What should you do?

A. Run the New SQL Server stand-alone installation Wizard on Node C.
B. Run the Add Node to SQL Server Failover Cluster Wizard on Node C.
C. Use Node B to install SQL Server on Node C.
D. Use Node A to install SQL Server on Node C.

Answer: B

Explanation:
http://technet.microsoft.com/en-us/library/ms191545.aspx
To add a node to an existing SQL Server failover cluster, you must run SQL Server Setup on the node that is to be added to the SQL Server failover cluster instance. Do not run Setup on the active node.
The Installation Wizard will launch the SQL Server Installation Center. To add a node to an existing failover cluster instance, click Installation in the left-hand pane. Then, select Add node to a SQL Server failover cluster.


QUESTION 3
You administer a Microsoft SQL Server 2012 database named ContosoDB. The database contains a table named Suppliers and a column named IsActive in the Purchases schemA.
You create a new user named ContosoUser in ContosoDB. ContosoUser has no permissions to the Suppliers table.
You need to ensure that ContosoUser can delete rows that are not active from Suppliers. You also need to grant ContosoUser only the minimum required permissions.
Which Transact-SQL statement should you use?

A. GRANT DELETE ON Purchases. Suppliers TC ContosoUser

B. CREATE PROCEDURE Purchases.PurgelnactiveSuppliers WITH EXECUTE AS USER = ‘dbo’
AS
DELETE FROM Purchases.Suppliers WHERE IsActive = 0
GO
GRANT EXECUTE ON Purchases.PurgelnactiveSuppliers TO ContosoUser

C. GRANT SELECT ON Purchases.Suppliers TO ContosoUser

D. CREATE PROCEDURE Purchases. PurgeInactiveSuppliers AS
DELETE FROM Purchases.Suppliers WHERE IsActive = 0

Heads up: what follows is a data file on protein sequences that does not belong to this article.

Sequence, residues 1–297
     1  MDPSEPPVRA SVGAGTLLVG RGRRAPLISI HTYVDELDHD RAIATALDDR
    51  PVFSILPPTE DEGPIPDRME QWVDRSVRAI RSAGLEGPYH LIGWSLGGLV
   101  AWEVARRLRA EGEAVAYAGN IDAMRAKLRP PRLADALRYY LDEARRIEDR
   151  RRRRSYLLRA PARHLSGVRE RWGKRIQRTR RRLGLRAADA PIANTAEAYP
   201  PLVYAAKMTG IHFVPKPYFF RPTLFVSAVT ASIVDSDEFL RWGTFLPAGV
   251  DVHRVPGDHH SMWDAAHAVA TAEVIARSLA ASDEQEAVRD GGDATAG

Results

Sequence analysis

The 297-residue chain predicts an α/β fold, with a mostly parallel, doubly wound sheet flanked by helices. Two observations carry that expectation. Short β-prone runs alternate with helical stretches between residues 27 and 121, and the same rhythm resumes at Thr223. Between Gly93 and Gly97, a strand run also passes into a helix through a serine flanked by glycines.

GO
GRANT EXECUTE ON Purchases. PurgeInactiveSuppliers TO ContosoUser

Answer: B

Explanation: Explanation/Reference:
http://msdn.microsoft.com/en-us/library/ms188354.aspx
http://msdn.microsoft.com/en-us/library/ms187926.aspx


QUESTION 4
You administer a Microsoft SQL Server 2012 instance. After a routine shutdown, the drive that contains tempdb fails.
You need to be able to start the SQL Server.
What should you do?

A. Modify tempdb location in startup parameters.
B. Start SQL Server in minimal configuration mode.
C. Start SQL Server in single-user mode.
D. Configure SQL Server to bypass Windows application logging.

Answer: B

Explanation: Explanation/Reference:
http://msdn.microsoft.com/en-us/library/ms186400.aspx
http://msdn.microsoft.com/en-us/library/ms345408.aspx


QUESTION 5
You use a contained database named ContosoDb within a domain.
You need to create a user who can log on to the ContosoDb database. You also need to ensure that you can port the database to different database servers within the domain without additional user account configurations.
Which type of user should you create?

A. User mapped to a certificate
B. SQL user without login
C. Domain user
D. SQL user with login

Answer: C